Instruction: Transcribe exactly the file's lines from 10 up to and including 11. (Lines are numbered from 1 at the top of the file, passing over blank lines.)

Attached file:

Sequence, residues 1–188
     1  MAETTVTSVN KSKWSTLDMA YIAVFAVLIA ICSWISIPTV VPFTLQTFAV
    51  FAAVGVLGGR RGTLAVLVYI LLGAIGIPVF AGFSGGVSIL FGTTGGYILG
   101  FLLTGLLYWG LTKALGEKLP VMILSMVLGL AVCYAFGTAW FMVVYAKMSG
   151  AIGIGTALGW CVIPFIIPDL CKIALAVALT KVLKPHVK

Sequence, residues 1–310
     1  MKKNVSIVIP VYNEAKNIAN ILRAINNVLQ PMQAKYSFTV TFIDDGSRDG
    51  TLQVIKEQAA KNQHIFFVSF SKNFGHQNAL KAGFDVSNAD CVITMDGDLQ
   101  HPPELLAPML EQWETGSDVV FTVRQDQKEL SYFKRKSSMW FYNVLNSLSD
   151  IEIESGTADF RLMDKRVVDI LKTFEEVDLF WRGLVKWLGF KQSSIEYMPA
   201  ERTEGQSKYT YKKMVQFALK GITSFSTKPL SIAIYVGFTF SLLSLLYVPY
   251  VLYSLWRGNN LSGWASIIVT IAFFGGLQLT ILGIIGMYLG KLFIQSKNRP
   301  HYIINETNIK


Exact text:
   151  IEIESGTADF RLMDKRVVDI LKTFEEVDLF WRGLVKWLGF KQSSIEYMPA
   201  ERTEGQSKYT YKKMVQFALK GITSFSTKPL SIAIYVGFTF SLLSLLYVPY